O Me! O Life! The Lost Art of Dreaming Big
Have you noticed the Apple iPad commercials that quote Walt Whitman’s wonderful poem “O Me! O Life!” while showing a montage of active creativity? I was able to immediately recognize Robin Williams in his role from Dead Poet’s Society telling his students to live fully and not waste a moment.
For those of you who are not familiar with it, the poem ends with “…the powerful play goes on, and you may contribute a verse.” I get chills when I hear it. It reminds me that we are put on this earth not just to go through the motions, but to leave our mark.
While many people found that movie to be pretty corny, I loved it. I admit it. I found the whole rage-against-the-dying-light theme pretty inspiring back when I was in college, and still do. I fear that many people have lost this burning desire to feel and live fully. They have lost connections and dreams. They have lost the longing to reach for something that may not be easily attainable.
Somewhere around the time when we are asked to turn in our crayons in grade school and start worrying about what others think of us, our dream-big trait starts to weaken. Then life happens and suddenly we have day jobs and mortgages and things we have to do, bills we have to pay.
It is far to easy to sink down into the daily minutiae and just let the days go by. Why not? Everyone else is doing it?! And isn’t it so much easier to just relax into the couch after a long day at work, making ends meet and bringing home the bacon? Who wants to ask the big questions and dream the big dreams?
I get it. Really, I do. I get stuck in ruts where the idea of putting words on paper or playing in my fabric stash seem like way too much work. I can’t even be bothered to pick up a book. All I want to do is sink into the couch, turn on the tube and escape from the responsibilities and stress and busyness of life.
But when I do pull myself back from the edge long enough to remember what it is I love about creating and writing, I remember the passion and fire that gets lit deep within me when I allow myself to dream those big dreams again.
This is where movies like Mr. Holland’s Opus , Dangerous Minds, and Rudy come in – they show us people who continue against all reason to follow their dreams. Even The Little Mermaid shows us this. They encourage us to reach beyond what people expect of us, to become more. I think many popular movies and books follow this theme because of this. They remind us how to dream big.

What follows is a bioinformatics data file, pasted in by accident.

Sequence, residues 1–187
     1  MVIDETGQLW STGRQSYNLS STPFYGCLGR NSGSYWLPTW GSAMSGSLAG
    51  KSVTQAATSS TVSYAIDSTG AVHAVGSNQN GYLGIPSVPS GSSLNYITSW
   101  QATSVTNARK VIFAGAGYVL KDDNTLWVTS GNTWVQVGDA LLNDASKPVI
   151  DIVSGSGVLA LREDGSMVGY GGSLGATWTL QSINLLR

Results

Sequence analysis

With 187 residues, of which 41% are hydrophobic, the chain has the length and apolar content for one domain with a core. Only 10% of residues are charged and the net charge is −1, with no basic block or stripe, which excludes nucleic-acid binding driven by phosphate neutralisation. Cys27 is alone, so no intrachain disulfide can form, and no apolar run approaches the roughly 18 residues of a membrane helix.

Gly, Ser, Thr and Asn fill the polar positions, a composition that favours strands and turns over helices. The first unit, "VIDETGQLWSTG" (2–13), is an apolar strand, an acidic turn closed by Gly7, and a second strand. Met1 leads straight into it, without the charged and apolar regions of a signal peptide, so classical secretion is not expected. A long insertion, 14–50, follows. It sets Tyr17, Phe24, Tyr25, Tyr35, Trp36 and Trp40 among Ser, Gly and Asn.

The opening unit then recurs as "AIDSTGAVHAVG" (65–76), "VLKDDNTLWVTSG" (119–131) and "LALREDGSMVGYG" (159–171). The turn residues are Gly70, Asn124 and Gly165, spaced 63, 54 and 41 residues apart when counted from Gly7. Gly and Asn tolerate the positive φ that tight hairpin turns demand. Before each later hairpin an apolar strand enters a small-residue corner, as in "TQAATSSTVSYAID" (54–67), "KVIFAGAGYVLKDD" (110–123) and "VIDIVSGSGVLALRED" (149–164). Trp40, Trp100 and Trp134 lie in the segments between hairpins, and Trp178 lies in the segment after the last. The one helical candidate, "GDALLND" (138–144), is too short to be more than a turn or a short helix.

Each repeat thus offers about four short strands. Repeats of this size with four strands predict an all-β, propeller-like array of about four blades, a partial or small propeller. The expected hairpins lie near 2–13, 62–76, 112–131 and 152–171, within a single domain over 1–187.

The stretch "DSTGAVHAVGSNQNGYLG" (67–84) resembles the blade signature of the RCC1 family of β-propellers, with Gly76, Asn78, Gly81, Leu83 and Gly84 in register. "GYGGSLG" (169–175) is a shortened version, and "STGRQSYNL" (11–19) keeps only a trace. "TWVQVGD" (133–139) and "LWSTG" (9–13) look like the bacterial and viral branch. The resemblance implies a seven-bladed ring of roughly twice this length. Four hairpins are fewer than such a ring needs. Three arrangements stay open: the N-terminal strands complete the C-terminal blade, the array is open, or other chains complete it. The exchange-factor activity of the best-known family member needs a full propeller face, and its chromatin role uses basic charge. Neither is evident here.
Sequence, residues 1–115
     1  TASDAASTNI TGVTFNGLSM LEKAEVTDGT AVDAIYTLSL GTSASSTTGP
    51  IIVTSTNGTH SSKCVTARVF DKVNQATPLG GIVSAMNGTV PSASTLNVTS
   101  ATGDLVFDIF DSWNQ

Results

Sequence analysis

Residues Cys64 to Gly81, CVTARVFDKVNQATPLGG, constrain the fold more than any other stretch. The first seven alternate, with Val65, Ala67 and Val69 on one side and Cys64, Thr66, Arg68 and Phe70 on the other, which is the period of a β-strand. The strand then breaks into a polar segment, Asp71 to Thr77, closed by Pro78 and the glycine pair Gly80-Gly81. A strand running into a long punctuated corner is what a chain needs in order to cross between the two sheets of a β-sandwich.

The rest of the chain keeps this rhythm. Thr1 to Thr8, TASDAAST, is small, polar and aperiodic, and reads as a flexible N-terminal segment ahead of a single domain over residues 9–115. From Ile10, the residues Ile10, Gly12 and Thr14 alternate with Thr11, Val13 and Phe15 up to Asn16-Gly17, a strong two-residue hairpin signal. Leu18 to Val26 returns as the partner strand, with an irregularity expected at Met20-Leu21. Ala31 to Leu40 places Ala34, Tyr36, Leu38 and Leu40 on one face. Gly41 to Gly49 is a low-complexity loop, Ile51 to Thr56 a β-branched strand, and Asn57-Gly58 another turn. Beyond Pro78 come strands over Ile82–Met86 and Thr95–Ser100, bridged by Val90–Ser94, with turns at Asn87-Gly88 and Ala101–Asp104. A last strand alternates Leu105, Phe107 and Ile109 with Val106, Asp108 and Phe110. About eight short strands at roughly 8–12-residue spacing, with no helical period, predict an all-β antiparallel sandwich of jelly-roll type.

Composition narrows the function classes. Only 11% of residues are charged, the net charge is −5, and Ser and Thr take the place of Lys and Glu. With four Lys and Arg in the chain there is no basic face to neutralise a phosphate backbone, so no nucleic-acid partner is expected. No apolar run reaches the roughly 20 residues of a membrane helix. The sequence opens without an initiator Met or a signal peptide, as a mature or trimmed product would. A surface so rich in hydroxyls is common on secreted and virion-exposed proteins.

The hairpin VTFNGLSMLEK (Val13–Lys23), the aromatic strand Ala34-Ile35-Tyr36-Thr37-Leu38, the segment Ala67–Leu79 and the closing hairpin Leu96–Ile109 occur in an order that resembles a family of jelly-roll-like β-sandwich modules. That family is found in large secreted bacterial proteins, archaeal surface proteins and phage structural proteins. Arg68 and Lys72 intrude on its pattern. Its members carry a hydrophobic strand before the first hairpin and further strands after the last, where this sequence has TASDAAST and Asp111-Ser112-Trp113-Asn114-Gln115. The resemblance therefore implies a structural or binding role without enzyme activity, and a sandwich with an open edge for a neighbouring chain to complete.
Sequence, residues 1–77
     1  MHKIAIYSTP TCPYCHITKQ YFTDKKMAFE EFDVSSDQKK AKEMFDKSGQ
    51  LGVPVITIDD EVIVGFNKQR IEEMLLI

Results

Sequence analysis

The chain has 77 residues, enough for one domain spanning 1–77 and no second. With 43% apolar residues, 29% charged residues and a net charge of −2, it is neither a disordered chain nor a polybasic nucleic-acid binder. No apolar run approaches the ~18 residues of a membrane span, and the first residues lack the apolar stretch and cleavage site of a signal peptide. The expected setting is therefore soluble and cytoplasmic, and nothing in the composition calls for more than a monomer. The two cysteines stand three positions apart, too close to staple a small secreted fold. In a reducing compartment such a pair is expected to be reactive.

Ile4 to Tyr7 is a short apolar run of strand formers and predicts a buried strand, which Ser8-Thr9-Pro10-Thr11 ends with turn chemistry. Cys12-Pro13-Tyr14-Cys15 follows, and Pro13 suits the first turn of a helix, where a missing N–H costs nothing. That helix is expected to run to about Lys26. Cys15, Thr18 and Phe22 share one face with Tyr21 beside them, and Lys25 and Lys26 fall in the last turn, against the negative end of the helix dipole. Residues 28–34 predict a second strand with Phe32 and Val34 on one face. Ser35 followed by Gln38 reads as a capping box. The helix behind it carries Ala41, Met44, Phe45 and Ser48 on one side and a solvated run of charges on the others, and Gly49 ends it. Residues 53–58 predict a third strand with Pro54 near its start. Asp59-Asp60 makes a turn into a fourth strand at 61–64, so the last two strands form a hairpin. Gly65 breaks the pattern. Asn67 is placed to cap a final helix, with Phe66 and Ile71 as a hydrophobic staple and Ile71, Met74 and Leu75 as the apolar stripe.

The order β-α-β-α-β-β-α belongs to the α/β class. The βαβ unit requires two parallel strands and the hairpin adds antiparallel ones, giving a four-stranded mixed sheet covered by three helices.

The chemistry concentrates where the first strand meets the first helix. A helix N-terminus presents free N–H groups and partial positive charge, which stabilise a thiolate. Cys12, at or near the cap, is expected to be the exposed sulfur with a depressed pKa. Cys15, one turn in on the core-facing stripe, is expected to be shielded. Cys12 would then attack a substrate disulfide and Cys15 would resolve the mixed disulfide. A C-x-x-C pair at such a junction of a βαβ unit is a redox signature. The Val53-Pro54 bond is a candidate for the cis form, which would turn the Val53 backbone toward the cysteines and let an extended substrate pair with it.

I have come to know some people who inspire me to keep reaching. They go home after putting in a full day at work and they work on something bigger, something not easily attainable. And little by little they are making progress toward these dreams, this bigger goal, this brighter life. Maybe it’s a new career, or a cool invention they want to build. Maybe it’s something more personal like training to run a marathon or learn how to make their grandmother’s sauce. Or maybe it’s writing or painting or creating an inspirational website.
People wonder why I “waste” time writing. Let’s face it, millions of people say they want to write a book. Millions of people try to write books, and the number of those who manage to do so consistently and make enough money to support their families is tiny.
I realize I may never make money at this. I realize that writing full-time for a living is probably never going to happen. I will most likely never be famous and quite honestly am not sure how I would handle that anyway. The majority of middle grade readers may never know my name, and may never read my books. And yet, I continue to write.
Why? Because I love the way it makes me feel. I crave the feeling of inspiration striking me in my gut and making me feel alive. It is my way to contribute a verse in this vast and wonderful play called life. Maybe one person will read my words, my books, and be inspired to follow their own dream. That is a wonderful mark to leave.
What is your great unreachable dream? What tiny steps can you take today toward it? What verse will you leave?
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